Did you know that by keeping your dog’s weight in check, you could add an extra two years to their life?
When you consider we all wish for more time with our beloved pets, the potential to add an extra two years is a lot, isn’t it?
When it comes to our dogs, we all want the best for them and if you’ve recently discovered your dog is overweight, we’re here to guide you on weight loss – what to expect and how to maintain.
It might seem strange, but there is a right way to lose weight and it isn’t always the fastest way.
The first thing you should do is set your goals and know your dog’s target weight.
Once you know if there are any underlying health concerns you need to consider, you can begin to put a plan of action together, so talk to your vet and find out if your dog’s weight is a sign of any underlying health-related problems, such as diabetes.
Next, get acquainted with the pet food market and learn what ingredients you should look for so you know you’re choosing the right weight loss dog food.
You might be tempted to just reduce your dog’s current diet to smaller portions but according to The Blue Cross, by “just reducing the amount of normal food, the diet is less likely to be successful.”
So begin by searching for light dog food – also sometimes known as diet dog food. It’s worth remembering that while some light dog foods are also weight loss foods, some are designed to maintain a dog’s weight rather than encourage weight loss. So, if you choose a lighter weight maintenance food, try feeding ¾ of the daily recommended amount.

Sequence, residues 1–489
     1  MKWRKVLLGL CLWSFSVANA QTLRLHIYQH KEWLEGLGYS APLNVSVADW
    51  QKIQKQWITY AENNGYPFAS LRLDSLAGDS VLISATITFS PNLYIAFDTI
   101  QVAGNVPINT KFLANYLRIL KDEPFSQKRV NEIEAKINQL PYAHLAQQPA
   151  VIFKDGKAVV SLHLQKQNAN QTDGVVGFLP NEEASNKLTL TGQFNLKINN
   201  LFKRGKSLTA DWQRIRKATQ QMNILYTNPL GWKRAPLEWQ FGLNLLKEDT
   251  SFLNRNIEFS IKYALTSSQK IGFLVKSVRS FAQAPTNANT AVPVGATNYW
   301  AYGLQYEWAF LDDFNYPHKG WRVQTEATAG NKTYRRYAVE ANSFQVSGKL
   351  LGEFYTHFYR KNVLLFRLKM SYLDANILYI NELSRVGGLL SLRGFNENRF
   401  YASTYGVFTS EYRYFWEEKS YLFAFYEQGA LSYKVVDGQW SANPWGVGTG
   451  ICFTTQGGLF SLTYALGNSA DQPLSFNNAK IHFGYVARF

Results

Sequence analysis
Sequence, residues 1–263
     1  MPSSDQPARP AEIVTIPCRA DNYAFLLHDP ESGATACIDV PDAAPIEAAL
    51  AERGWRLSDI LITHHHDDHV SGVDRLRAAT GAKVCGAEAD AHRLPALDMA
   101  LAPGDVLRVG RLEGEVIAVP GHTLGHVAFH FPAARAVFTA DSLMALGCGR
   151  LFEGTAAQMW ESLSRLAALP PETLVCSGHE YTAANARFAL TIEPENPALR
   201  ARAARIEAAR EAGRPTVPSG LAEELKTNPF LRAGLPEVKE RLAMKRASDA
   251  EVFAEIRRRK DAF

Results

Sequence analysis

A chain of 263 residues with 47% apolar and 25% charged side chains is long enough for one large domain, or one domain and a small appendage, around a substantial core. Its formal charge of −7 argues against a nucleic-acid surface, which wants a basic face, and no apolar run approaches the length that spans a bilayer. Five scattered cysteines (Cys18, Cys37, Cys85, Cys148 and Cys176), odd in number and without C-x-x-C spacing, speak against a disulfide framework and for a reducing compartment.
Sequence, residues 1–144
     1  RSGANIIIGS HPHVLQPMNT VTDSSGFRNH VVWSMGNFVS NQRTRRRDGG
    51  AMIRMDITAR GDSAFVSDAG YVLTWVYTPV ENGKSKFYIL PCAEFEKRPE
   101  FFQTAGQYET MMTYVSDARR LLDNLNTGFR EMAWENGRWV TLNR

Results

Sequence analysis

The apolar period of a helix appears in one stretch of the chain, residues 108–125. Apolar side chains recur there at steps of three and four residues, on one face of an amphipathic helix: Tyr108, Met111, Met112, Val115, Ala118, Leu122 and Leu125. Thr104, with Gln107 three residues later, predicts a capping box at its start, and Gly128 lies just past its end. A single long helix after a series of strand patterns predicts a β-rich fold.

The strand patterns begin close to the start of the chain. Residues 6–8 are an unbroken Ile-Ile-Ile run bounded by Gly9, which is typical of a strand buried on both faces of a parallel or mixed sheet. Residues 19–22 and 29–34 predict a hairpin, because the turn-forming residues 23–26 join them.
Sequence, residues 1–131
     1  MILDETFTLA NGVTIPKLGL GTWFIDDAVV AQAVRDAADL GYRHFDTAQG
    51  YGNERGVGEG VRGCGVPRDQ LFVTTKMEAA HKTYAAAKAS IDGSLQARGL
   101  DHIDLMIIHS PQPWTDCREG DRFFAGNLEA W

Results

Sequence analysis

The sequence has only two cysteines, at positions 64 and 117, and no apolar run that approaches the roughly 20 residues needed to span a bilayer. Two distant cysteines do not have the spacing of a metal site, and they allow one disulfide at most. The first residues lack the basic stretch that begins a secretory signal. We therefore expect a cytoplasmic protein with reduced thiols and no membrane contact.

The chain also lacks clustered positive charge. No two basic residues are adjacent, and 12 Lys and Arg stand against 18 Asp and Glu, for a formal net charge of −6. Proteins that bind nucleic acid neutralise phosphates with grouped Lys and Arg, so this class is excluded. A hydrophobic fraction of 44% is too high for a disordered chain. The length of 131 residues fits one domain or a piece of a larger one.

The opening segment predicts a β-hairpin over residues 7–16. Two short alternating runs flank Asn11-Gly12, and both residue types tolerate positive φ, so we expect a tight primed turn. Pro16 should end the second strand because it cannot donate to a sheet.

When you’ve chosen your dog’s new lighter food, monitor how they are coping with the change.
According to VCA Hospitals, a safe loss for your dog is between 3-5% per month, but it will vary based on their breed, size and how much they must lose. In most cases though, dogs will meet their target weight within 6-8 months.
After two months if your dog is not losing weight, you should consider changing diet once again but speak with your vet beforehand.
Throughout your journey, keep a diary and monitor your dog’s weight and food intake.
It’s all too easy (speaking from personal experience) to take a bite and forget it happened, so it could be your dog is taking in more calories than you know.
In the early days, the food diary could give you an insight into the type of snacks you feed and help you plan a new long-term diet, for example, a low fat dog food might suit your dog, or it may be they’re best suited to another diet or specialist food.
When your dog is at a healthy weight – firstly, congratulations! Weight loss is never easy so you should feel proud you’ve accomplished something on your dog’s behalf that will really benefit them.
It’s important now not to lose sight of how far you’ve come. Make sure you still try to keep track of what food they’re taking in so you can avoid having to lose weight, if possible, in the future and begin researching the best weight management dog foods for your dog’s breed and age, so you can maintain your dog’s new weight.